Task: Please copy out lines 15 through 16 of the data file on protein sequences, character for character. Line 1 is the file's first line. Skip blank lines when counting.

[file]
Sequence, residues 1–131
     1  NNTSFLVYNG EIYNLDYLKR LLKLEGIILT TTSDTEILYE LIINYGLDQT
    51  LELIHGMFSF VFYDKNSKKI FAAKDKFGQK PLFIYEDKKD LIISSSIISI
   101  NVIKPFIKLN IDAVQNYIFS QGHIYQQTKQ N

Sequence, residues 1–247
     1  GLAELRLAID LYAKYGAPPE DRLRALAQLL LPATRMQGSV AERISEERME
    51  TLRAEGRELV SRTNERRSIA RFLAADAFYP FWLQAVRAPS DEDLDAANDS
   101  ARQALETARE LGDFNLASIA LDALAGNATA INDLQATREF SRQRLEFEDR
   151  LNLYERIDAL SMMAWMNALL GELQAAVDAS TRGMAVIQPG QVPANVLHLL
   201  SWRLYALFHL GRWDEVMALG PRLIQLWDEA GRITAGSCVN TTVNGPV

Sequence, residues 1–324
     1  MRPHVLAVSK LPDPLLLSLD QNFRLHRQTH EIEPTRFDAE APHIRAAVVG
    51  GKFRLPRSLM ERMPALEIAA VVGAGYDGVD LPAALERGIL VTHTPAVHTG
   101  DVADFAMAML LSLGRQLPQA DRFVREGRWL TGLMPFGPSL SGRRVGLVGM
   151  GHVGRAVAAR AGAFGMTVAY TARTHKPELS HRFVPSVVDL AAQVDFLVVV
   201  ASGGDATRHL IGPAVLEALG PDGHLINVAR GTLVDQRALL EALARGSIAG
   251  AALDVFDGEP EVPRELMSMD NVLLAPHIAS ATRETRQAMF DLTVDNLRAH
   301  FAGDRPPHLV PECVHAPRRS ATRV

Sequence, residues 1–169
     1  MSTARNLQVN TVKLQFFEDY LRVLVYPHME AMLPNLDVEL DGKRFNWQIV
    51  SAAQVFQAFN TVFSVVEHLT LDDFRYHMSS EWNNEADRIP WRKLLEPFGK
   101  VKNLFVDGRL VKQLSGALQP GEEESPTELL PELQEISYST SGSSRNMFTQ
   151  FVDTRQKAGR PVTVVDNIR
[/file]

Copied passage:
   151  GHVGRAVAAR AGAFGMTVAY TARTHKPELS HRFVPSVVDL AAQVDFLVVV
   201  ASGGDATRHL IGPAVLEALG PDGHLINVAR GTLVDQRALL EALARGSIAG